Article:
We next grew each mutant in CDM with different concentrations of glucose as the sole carbon source for 48 h, calculating growth (%WT) and total yield (ΔOD600) at 12, 24, 36, and 48 h as described in section Materials and Methods. The ΔmanMN and ΔglcU mutants had very little effect on GAS growth on glucose (Figure 2B, Supplementary Figures 2A,B). The ΔptsI mutant exhibited a consistent growth defect when grown in 2% glucose (Figure 2B, Supplementary Figure 2C), while at 0.5, 0.75, and 1% glucose, growth was only affected early (12 h) and late (48 h) in growth (Figure 2B). However, when looking just at the total yield, growth of the ΔptsI mutant on 0.75% glucose exhibited the most drastic reduction in growth (Figure 2C, Supplementary Figure 3). In contrast, ΔnagC had the lowest growth compared to WT of all of the mutants tested in all concentrations of glucose (Figures 2B,C, Supplementary Figures 2D, 3). This would suggest that either the main route of glucose transport occurs through a non-PTS glucose transport system, or that deleting the glucokinase gene (ΔnagC) somehow affects the expression of the PTS system, hindering overall glucose transport.
Loss of nagC Reduces the Ability of GAS to Grow on Certain PTS Carbohydrates
To investigate if a non-PTS glucose metabolic pathway affects PTS function, ΔnagC and ΔglcU mutants were grown in CDM + 1% of a PTS carbohydrate as the sole carbon source for 48 h as described in section Materials and Methods. Surprisingly, the ΔnagC glucokinase mutant did not grow as well as wild type in glucose, fructose, sucrose and maltose (Figure 3A, Supplementary Figure 4A). The ΔglcU permease mutant grew slightly better than the parental MGAS5005 in both lactose and maltose, while both strains had reduced growth in mannose as compared to WT (Figure 3A, Supplementary Figure 4B). However, when these strains were grown in C media + 1% of a PTS carbohydrate or 0.5% glucose, all of these phenotypes disappeared (Figure 3A, Supplementary Figure 4). C media contains a low concentration of glucose (0.05% w/v), suggesting that ΔnagC and ΔglcU have growth defects in some PTS sugars only when they are presented as the sole carbon source. These growth defects were rescued by the presence of 0.05% (w/v) of glucose (Figure 3A) and this was reflected when comparing the total yield of these strains grown in these two different conditions (Figure 3B, Supplementary Figures 5, 6). However, since there are many differences between CDM and C media (see section Materials and Methods), it is also likely that other factors contribute to the rescue of the growth defects observed. Finally, ΔnagC had reduced growth and total yield in C media, further confirming that efficient glucose metabolism seems to require the presence of the glucokinase (Figures 3A,B). We next interrogated the utilization profile of the ΔnagC mutant to see if it reflected what was observed with growth. Using the API®50CH carbon utilization strips, we determined that ΔnagC had impaired utilization of 88% of the carbon sources tested (Figure 3C). Comparing the utilization profile of ΔnagC to ΔptsI (Sundar et al., 2017), it is evident that both mutants have a drastic reduction in overall carbon utilization, as over 81% of carbon sources could not be utilized at 24 h, and over 56% at 48 h (Figure 3D). This suggests that similar to the PTS, NagC positively influences the metabolism of multiple carbohydrates. Importantly, utilization profiles of ΔnagC and ΔglcU rescues strains look similar to MGAS5005 (Supplementary Figure 7A).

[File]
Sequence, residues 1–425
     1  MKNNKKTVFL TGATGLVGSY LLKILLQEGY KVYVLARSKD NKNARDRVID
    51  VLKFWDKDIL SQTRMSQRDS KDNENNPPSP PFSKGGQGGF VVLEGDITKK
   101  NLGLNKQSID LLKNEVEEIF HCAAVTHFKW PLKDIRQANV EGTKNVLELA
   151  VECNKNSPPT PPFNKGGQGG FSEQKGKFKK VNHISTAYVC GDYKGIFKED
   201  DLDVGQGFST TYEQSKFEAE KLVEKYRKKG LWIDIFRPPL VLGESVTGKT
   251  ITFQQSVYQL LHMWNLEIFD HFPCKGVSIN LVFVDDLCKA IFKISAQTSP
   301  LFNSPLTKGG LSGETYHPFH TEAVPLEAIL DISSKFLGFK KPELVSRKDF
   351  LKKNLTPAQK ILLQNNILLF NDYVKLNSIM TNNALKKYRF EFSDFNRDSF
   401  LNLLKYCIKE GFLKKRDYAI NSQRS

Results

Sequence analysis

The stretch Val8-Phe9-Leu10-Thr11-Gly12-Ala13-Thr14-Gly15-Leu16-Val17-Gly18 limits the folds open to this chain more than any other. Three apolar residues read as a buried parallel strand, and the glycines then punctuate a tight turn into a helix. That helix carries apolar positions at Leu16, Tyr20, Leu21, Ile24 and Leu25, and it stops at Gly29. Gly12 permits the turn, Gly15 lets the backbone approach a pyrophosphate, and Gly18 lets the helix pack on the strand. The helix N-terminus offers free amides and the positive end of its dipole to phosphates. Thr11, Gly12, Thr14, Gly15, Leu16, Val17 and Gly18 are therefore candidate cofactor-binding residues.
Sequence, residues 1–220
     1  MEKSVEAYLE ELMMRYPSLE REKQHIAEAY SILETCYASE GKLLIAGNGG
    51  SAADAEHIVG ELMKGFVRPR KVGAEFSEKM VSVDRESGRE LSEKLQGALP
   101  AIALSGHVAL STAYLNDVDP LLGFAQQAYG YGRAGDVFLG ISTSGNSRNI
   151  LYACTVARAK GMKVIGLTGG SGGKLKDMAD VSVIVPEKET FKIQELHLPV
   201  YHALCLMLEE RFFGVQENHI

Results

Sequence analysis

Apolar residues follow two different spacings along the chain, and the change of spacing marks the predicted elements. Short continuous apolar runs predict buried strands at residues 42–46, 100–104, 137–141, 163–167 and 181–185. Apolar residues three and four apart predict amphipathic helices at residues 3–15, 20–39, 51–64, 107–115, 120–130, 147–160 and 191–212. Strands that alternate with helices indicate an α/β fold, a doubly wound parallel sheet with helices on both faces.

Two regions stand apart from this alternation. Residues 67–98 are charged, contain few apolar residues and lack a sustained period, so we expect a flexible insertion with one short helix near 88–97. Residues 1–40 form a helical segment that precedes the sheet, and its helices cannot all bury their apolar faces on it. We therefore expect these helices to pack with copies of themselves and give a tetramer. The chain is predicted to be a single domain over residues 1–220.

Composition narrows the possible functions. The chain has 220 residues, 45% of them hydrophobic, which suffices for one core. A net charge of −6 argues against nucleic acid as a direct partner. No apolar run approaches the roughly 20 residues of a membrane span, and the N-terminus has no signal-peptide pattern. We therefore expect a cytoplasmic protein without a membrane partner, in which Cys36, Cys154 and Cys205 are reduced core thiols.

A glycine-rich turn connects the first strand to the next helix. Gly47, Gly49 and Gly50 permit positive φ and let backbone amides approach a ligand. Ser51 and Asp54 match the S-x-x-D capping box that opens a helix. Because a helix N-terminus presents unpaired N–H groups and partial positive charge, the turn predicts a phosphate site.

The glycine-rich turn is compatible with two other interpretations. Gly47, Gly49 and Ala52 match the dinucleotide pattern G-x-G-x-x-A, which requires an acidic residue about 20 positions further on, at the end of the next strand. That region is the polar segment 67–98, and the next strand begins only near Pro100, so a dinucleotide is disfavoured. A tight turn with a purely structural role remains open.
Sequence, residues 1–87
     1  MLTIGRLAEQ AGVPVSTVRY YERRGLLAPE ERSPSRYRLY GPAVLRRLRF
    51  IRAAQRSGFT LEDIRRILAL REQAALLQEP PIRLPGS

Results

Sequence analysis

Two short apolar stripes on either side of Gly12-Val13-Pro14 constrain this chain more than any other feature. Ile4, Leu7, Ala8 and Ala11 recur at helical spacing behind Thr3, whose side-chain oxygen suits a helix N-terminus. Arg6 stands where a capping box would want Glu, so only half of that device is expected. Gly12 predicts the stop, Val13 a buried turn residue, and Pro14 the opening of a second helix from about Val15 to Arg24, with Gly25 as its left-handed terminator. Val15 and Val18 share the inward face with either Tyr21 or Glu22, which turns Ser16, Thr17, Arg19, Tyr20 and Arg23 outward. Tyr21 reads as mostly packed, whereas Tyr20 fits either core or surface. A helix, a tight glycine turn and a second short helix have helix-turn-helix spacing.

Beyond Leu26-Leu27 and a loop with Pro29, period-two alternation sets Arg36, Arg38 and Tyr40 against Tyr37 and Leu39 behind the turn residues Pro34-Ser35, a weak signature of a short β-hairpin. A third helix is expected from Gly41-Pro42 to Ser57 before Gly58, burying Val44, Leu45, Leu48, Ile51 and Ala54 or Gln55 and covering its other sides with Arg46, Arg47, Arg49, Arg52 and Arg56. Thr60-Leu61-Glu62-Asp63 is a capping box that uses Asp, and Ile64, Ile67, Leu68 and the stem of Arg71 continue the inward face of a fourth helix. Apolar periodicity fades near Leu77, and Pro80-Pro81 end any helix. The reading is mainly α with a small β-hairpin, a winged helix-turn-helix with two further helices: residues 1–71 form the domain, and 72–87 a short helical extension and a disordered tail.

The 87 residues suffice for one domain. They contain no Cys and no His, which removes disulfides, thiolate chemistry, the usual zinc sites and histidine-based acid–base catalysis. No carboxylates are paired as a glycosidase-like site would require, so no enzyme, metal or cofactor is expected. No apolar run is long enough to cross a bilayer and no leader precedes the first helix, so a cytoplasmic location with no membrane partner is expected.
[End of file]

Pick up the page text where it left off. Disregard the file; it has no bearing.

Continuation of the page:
Figure 3. Deletion of nagC prohibits GAS growth in several PTS sugars. (A) Growth of ΔnagC and ΔglcU mutants was compared to WT MGAS5005 either in CDM + 1% PTS sugar or 0.5% glucose (left) or in C media (0.05% glucose) plus PTS sugar as described in section Materials and Methods. Growth above WT (green), 2-fold below WT (yellow), 2-fold below WT (red), and similar to WT (white) are indicated. (B) Growth yield (ΔOD600) of mutants was calculated after 24 and 48 h of growth in CDM or C-media + 1% PTS sugar. Yield similar to WT (white), lower than WT (red) or higher than WT (green) are indicated. (C) Carbohydrate utilization profile of the ΔnagC mutant was determined by the API®50CH system as described in section Materials and Methods. Positive utilization (+, white), partial utilization (±, gray), and no utilization (−, black) are shown. Readings for each strain are given for 24 h (left) and 48 h (right) are presented. (D) Patterns of carbohydrate utilization from (C) were analyzed by determining the % carbon sources listed that fall into each utilization category. Pie charts show the patterns for WT MGAS5005, ΔptsI, and ΔnagC GAS strains at 24 and 48 h. No utilization (Red), Partial utilization (Yellow), and utilization (green) are depicted with corresponding percentages indicated.